Shut In Review
Every acclaimed actor has starred in movies along the way that are not quite worthy of their talents. Michael Caine for example has such an impressive back catalogue overall, he can be forgiven for starring in the odd turkey during his long career, like The Hand and Jaws: The Revenge. Even Robert De Niro, much lauded for past dramatic roles, has made his fair share of recent disappointments. As for Nicolas Cage, where do we start? Which brings us to twice Oscar nominated Naomi Watts, a hugely talented actress whose past credits include so many memorable movies such as Mulholland Drive, The Ring, 21 Grams and The Impossible. It is therefore a shame to report that her most recent release, Shut In, is a misfire that failed to perform well at the US box office.
Shut In has Watts cast as child psychologist Mary Portman, who shares her remote home in Maine with 18 year old stepson Stephen (Charlie Heaton of Stranger Things fame). Portman is a grieving widow, struggling to come to terms with a terrible car accident that claimed the life of her husband and left Stephen in a catatonic state. She blames herself for what happened, as it was her decision to send Stephen away to a new school due to his behavioural problems. Now the strain of juggling her career and caring for Stephen is slowly taking its toll on her health.
One wintry night Portman is disturbed by strange sounds and goes outside to investigate. She is startled to find one of her patients, a hearing impaired 9 year old boy called Tom (Jacob Tremblay), cowering in the back of her unlocked car. She invites him inside and tries to offer reassurance, but he soon vanishes into the icy darkness. The police investigate, but Tom remains missing and is presumed dead by some of the locals due to inclement weather conditions. Portman then becomes even more wracked with guilt following this latest unsettling incident.
We're soon into creepy house territory as Portman starts to hear more terrifying sounds in the night and witnesses strange sightings, making her convinced that she is being haunted by the ghost of young Tom. She has Skype meetings with therapist Dr Wilson (Oliver Platt), to discuss her fears, but he is dismissive of her supernatural theories and puts it all down to Parasomnia. Is she losing her mind, or is there a more sinister explanation? As the disturbances continue, Portman does all those ill-advised things that characters in horror movies are always compelled to do: venture down into the cellar, peer into darkened nooks and crevices by candle light or creep around outside near a surrounding forest. This simply serves as an excuse for director Farren Blackburn to deliver a succession of cheap jump scares. Just when you might think that this is some sort of inferior James Wan knock-off, there comes a preposterous twist around 50 minutes into the film. Unfortunately what follows after this big reveal only manages to raise a modicum of suspense.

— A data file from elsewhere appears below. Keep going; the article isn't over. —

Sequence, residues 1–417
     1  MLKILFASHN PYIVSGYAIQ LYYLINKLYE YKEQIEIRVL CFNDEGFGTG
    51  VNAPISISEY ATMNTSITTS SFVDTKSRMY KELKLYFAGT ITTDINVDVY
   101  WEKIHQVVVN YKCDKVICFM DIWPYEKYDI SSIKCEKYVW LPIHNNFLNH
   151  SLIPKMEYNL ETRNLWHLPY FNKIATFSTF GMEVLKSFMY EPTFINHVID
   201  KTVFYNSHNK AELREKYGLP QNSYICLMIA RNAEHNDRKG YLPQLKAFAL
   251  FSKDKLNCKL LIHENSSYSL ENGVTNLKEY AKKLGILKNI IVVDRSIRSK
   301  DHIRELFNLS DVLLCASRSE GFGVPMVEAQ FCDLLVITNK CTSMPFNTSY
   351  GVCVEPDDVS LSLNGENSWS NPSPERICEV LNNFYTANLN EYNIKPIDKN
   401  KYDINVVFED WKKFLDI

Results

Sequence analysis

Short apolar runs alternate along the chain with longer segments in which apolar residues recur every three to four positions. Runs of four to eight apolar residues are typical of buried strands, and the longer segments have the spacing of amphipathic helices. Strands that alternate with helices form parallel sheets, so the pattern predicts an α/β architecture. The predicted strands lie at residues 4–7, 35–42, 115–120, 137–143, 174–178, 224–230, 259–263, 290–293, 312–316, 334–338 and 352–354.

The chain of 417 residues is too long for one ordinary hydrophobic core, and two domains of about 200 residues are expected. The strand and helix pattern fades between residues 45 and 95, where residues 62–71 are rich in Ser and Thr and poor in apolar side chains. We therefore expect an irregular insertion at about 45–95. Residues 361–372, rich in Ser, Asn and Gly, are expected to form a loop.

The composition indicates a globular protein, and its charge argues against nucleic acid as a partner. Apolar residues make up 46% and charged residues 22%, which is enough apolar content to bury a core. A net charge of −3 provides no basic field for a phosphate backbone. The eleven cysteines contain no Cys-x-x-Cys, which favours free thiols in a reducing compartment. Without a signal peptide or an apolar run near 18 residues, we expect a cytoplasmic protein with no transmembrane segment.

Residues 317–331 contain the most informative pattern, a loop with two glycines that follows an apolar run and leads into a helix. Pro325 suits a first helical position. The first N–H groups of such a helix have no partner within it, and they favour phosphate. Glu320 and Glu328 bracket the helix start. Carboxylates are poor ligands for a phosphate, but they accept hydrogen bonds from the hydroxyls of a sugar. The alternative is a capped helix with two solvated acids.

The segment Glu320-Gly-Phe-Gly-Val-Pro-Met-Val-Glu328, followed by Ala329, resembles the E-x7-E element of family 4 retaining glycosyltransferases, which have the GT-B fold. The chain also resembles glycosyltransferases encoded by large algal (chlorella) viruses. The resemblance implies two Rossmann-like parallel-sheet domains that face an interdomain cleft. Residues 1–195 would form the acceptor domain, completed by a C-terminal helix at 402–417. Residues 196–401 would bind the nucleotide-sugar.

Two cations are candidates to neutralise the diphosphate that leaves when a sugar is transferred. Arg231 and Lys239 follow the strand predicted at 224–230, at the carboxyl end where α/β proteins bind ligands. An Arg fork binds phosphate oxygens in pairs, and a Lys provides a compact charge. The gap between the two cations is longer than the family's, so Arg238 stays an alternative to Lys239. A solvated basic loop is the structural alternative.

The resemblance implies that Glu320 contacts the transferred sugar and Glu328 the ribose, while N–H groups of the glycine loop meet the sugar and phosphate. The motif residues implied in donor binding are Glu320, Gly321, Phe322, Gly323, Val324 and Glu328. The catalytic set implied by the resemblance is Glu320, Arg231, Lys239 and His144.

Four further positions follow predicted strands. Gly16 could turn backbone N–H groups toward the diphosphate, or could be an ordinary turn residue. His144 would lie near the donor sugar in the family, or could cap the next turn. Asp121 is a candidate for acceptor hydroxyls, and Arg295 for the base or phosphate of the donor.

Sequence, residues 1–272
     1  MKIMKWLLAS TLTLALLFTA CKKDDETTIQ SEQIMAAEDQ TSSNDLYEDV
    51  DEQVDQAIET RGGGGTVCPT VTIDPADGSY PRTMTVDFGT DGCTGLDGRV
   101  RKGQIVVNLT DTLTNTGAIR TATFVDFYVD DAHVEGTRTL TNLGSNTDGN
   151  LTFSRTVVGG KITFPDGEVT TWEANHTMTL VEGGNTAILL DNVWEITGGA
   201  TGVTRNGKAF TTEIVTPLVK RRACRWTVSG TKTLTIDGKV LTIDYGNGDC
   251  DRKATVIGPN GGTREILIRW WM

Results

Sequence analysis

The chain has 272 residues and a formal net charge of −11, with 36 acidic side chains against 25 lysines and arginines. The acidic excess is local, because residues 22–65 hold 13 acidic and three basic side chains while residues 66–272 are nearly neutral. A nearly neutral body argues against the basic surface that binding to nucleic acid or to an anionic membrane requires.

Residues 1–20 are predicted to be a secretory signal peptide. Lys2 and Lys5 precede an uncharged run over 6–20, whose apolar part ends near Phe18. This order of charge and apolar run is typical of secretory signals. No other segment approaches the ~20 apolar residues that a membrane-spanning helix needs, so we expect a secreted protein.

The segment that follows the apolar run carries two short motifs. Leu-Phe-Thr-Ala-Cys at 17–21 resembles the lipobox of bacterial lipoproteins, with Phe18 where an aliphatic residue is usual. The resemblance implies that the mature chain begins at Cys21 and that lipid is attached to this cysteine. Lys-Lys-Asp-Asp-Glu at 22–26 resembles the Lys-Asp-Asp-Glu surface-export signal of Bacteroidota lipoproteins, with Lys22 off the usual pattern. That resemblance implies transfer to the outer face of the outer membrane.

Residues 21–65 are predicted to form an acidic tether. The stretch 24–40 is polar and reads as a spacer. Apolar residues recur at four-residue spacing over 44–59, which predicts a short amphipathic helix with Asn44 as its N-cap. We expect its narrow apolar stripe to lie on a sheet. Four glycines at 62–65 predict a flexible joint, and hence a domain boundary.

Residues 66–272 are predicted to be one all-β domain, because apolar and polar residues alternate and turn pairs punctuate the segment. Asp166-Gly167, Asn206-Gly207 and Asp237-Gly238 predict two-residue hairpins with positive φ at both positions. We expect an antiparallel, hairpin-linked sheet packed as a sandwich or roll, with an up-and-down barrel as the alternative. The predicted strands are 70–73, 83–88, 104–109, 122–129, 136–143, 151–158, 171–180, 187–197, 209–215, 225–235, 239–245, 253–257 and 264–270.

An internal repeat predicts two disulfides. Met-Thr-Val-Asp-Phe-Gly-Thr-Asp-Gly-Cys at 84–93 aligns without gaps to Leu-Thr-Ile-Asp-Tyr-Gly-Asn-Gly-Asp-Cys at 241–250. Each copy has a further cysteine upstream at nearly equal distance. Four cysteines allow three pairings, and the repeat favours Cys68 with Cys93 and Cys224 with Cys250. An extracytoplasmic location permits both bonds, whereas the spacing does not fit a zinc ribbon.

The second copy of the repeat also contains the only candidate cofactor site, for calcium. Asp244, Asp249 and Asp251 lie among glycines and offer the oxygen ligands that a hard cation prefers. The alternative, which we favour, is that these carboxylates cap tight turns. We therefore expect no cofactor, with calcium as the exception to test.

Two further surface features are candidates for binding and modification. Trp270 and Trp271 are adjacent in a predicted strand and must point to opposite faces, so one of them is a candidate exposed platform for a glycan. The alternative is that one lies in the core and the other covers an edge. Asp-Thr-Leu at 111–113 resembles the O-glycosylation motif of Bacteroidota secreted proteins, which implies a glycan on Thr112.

Shut In is not a terrible film and is given a much needed boost by a typically solid performance from Watts. This French-Canadian production is also professionally shot by Yves Bélanger, the gifted DoP who previously worked on Dallas Buyers Club and Brooklyn among others. The main problem is Christina Hodson's second-rate screenplay brings nothing new to the table. This type of film has been done countless times before, often with far more panache. Director Blackburn, whose background has been mainly in British TV drama, must share some of the blame by failing to effectively deliver the requisite big screen thrills or inspired set pieces.
Yves Bélanger's impressive widescreen photography shows off the rugged Canadian location work to great effect. The image on the disc provides plenty of detail throughout, even in some of the darker interior scenes.
The only audio option is DTS-HD MA 7.1, which in this case has a good level of clarity for the dialogue and is also suitably dynamic for the many jump scares.
Regrettably there are no subtitles with this Arrow Films release, which is a letdown given that the edition of Shut In released by Fox in the States does include them (the US version is region A locked). There are no featurettes included either, which is surprising as it's fairly standard nowadays to have at least some short interviews with the principal cast and crew.
The ever dependable Naomi Watts makes this unexceptional suspense thriller just about watchable. The Arrow Films BD release of Shut In offers solid picture and audio, but is lacking special features.